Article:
LATER today, Barack Obama will announce his plans for troop withdrawals from Afghanistan.
No doubt he will argue that the killing of Osama bin Laden and the weakening of al Qaeda justify any decision he makes. It is possible that most of the 30,000 Americans who constituted last year’s “surge” will be going home.
That will leave only 68,000 US personnel and 9,500 Britons in a country whose president, Hamid Karzai, has just told his people that foreigners are “here for their own purposes, for their own goals, and they’re using our soil for that”. Karzai, in case you had forgotten, is on our side. At the time of writing, 374 British service people have died to maintain his version of democracy.
That was one story, at any rate. In another, earlier version British troops were fighting to rid the west of the scourge of heroin. Or they were denying a safe haven to terrorists. Or they were maintaining “regional stability”. Like their ancestors before them in numerous, pointless Afghan campaigns, they have not paused to reason why.
That’s probably just as well. Obama campaigned for office, you may remember, denouncing the Iraq adventure while defining Afghanistan as a necessary war. That seems to have had the required effect on Western opinion: there have been no vast marches against the Afghan war. Obama has been granted the benefit of doubts never allowed to Bush and Blair.
Yet here we are, almost a decade after the Taliban were bombed from power because they refused to hand bin Laden to the US. Now, with a campaign draining America of $2 billion each week – British costs, typically, are harder to quantify – there are “talks about talks” with those same Taliban. Obama is close to declaring the job done. Yet the question remains: which job? Among the now-forgotten reasons for war were the Afghan people, women in particular. When finding bin Laden looked like a lost cause, we often heard how wrong it would be to subject girls, their sisters and mothers, to the Taliban’s medieval theocracy, to subjugation and the denial of education. But that motive, too, has been forgotten. If Obama calls a halt, will anyone ask about the state of Afghan society in the aftermath?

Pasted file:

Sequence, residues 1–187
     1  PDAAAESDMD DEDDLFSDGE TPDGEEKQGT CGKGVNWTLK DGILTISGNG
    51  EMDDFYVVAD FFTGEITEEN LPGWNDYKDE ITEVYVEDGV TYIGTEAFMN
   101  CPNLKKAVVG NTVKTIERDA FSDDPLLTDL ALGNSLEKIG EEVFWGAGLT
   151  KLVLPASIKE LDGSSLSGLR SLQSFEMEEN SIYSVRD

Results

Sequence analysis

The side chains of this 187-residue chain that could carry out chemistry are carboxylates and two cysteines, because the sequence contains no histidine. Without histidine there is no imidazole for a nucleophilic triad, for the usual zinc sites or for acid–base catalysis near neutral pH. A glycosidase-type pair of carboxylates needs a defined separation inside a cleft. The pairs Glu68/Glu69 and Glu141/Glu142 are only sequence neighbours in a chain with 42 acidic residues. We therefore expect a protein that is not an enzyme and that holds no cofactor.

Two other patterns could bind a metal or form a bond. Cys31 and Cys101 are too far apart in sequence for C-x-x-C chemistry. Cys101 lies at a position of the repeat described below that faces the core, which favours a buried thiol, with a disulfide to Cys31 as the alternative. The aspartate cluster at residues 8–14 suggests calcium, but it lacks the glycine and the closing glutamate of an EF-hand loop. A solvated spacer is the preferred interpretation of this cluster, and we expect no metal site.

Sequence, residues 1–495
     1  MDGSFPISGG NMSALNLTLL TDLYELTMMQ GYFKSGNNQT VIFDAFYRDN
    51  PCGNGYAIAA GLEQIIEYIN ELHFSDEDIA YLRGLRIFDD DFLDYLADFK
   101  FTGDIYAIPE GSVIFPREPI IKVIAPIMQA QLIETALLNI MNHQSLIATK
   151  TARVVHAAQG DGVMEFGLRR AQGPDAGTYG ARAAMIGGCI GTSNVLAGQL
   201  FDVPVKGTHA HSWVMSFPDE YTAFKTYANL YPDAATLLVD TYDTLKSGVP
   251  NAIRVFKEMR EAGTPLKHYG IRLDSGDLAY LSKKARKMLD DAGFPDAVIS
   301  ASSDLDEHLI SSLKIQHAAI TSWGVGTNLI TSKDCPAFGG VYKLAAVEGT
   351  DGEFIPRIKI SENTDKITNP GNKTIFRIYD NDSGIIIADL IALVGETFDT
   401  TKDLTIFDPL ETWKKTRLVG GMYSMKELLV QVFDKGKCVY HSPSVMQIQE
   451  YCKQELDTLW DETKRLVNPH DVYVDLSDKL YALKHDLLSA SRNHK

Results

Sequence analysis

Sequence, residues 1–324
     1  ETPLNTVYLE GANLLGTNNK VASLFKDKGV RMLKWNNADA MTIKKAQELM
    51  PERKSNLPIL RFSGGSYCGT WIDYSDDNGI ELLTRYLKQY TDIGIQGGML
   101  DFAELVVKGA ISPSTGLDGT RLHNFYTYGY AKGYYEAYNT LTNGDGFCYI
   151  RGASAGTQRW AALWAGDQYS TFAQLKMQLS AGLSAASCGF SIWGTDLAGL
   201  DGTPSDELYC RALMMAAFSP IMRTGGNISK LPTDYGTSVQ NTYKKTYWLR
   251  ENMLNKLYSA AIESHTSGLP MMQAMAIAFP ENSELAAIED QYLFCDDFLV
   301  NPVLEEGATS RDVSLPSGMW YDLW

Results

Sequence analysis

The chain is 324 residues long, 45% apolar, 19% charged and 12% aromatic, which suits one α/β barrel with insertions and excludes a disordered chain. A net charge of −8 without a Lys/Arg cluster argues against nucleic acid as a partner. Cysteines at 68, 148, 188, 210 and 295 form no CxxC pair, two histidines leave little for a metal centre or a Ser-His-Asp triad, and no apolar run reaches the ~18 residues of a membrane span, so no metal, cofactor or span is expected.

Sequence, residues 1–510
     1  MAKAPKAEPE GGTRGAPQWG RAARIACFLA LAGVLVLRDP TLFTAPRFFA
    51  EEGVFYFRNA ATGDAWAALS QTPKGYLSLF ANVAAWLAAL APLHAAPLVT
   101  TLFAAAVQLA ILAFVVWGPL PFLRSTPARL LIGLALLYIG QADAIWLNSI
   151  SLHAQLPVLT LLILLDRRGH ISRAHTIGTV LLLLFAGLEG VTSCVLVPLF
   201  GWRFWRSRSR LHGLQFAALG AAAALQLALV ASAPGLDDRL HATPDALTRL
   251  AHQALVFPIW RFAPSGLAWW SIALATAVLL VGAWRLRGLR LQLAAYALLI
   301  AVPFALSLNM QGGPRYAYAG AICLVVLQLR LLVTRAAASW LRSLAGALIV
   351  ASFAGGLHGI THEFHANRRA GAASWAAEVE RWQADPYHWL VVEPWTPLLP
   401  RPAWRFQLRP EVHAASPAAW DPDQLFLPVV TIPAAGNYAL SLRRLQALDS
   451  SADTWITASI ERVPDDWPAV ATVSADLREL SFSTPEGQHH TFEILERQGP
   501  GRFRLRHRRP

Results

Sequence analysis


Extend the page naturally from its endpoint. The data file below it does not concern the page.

Probably not, if history is a guide. Afghans are an all-purpose excuse in that not-so-great game. At one moment they are aching for our sort of democracy; at another, their “cultural differences” make them unsuitable. In intervening moments, they die nameless deaths: 8000 (at least) in the past four years, caught between the Taliban and western technology. That death toll is increasing, too, as best as anyone can tell.
Tonight, BBC2 will run a documentary with one of those provocative titles: Afghanistan: War Without End? The interrogative is intended, presumably, as editorial balance, but the question is fundamental. We have had almost 10 years of killing and dying in which the word democracy has been thrown around. Yet even Obama is not willing or able to say the episode is over, that all his troops will quit the country, and that Afghanistan is able to function without “support”.